Tuesday, January 9, 2018

MAP’s mangrove conservation and restoration project at Thung Yor, Thailand

By: Udomsak Pariwatpan, MAP Field Officer, (9 Jan. 2018)





      Thung Yor is a small village located in Krabi Province, southern of Thailand. Some of the village area is mangrove forest which is connected to the Andaman Sea by tidal streams. Most of the villager’s main occupation is in agriculture with a supplementary livelihood from coastal small-scale fisheries.  So, due to their dependence on the fishing the villagers have placed a priority on the conservation and restoration of mangroves.



     Photos showing abandoned shrimp ponds before hydrological restoration.  Pond #3 above is holding mostly rainwater.

     The community joined MAP to undertake a CBEMR project with the objective to restore 2 hectares of abandoned shrimp ponds back to mangroves.  The site consists of 3 ponds as seen in the Google Earth image above with little or no tidal exchange, especially pond #2 and #3 which was were waterlogged with few mangrove seeds entering the ponds and the condition was not suitable for mangrove growth.  Pond #1 remained very wet as the pond drained through the sluice gate and by the time the pond was drained the tidal starting to come back up due the semidurnal tides. ( 2 high & 2 low tides in 24 hr) 

Under CBEMR the priority is to restore normal tidal flushing.  The community wanted to rehabilitate the mangroves but the traditional planting method would not work in this situation due to the disturbed hydrology. MAP introduced the concept of Community-based Ecological Mangrove Restoration (CBEMR) which was a completely new approach for the community but they trusted MAP and are determined to learn.


On 8-9 March 2017 mangrove study tour to learn about CBEMR at Lang Da, Nai Nang and Thale Nok villages.



On 19-20 August 2017 a backhoe was used to reconnect the 3 abandoned shrimp ponds together and then to a tidal stream 
      according to restoration plan developed.

    Some members of Thung Yor took part in a CBEMR training workshop and field study tour (8-9 March 2017) to visit other CBEMR sites to learn the theory of this new restoration process. A restoration plan was developed for the site, following a full field survey including measuring the surface strata height of the pond bottoms using an auto-level.  The hydrology improvement started by using a backhoe to make a drainage channel in pond #1 and breaching the earthen dyke for better drainage at the old sluice gate location (lowest point).  The objective is to have rapid drain down of the pond similar to the nearby mangrove. The channel dug within the pond followed the water drainage pattern looking much like a natural winding stream rather a straight canal.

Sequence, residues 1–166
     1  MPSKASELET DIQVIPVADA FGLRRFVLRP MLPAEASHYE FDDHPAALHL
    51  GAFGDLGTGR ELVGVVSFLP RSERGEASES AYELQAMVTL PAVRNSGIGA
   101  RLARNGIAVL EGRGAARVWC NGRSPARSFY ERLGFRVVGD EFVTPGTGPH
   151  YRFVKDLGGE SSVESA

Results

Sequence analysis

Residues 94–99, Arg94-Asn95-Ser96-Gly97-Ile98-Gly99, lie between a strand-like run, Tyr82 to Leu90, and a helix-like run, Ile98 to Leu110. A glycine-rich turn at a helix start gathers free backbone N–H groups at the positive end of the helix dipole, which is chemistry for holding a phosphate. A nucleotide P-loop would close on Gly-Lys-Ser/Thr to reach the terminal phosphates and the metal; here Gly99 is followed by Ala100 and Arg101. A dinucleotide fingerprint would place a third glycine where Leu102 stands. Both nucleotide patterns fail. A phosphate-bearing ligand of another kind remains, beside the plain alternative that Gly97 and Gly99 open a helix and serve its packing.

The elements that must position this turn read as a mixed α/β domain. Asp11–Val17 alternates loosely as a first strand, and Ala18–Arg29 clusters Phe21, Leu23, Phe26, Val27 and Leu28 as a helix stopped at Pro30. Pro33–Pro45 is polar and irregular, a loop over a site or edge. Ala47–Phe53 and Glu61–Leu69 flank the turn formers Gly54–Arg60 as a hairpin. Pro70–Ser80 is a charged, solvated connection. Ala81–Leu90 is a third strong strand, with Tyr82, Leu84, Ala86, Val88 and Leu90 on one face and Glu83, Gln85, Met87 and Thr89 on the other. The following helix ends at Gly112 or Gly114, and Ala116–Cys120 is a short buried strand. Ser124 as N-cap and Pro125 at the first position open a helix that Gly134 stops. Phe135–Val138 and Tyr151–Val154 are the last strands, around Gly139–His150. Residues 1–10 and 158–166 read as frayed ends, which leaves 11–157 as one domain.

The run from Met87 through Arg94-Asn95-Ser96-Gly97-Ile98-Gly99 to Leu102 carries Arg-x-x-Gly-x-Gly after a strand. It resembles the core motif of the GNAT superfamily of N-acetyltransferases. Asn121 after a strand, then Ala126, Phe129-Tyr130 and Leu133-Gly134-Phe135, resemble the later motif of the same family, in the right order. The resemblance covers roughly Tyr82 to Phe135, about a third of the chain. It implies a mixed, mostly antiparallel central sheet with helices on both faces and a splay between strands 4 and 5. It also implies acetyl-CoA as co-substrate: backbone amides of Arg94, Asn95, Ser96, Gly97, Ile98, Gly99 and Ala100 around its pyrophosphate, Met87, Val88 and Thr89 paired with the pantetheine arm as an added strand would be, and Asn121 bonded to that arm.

The result was good tidal exchange which allowed mangrove seeds to enter into the site with each tide. Mother nature facilitates mangrove seeds to be dispersed everywhere in the ponds and the species start growing in the zone which is best suited for them.  Seeds that end up in an in appropriate location do not fair well, die, or are out-competed by more favourable species for that location.  This is a process of natural selection and results in a natural mangrove ecosystem rather than an even aged man-made plantation.


     Volunteer seedlings appear on site 2 months after hydrological restoration. No planting needed.

     Following just two months of normal hydrology exchange we undertook our first monitoring using time-lapse photos and the results were fantastic with many volunteer seedlings growing on the restoration site. Moreover, there are many different species of seedlings such as Rhizophora apiculata, Xylocarpus sp., Avicennia sp., Acanthus sp., Ceriops sp., Bruguiera sp. etc.

   The chief of village, Mr. Raksa Kohmodkan stated: “We would like to restore the mangrove forest back to its original condition and allow people in this community to use it as a source of livelihood. This site can also be a showcase model for other communities to follow.”

   The future of mangrove depends on you so please help nature to regenerate the mangrove.

Note: The Thung Yor CBEMR project supported by Synchronicity Earth and MAP is part of
           SE’s Regeneration Portfolio.
 
http://syncmain.wpengine.com/?post_type=partner&p=14495




Thursday, January 4, 2018

MAP News Issue 433 - Jan 6, 2018

Mangrove Action Project

The MAP News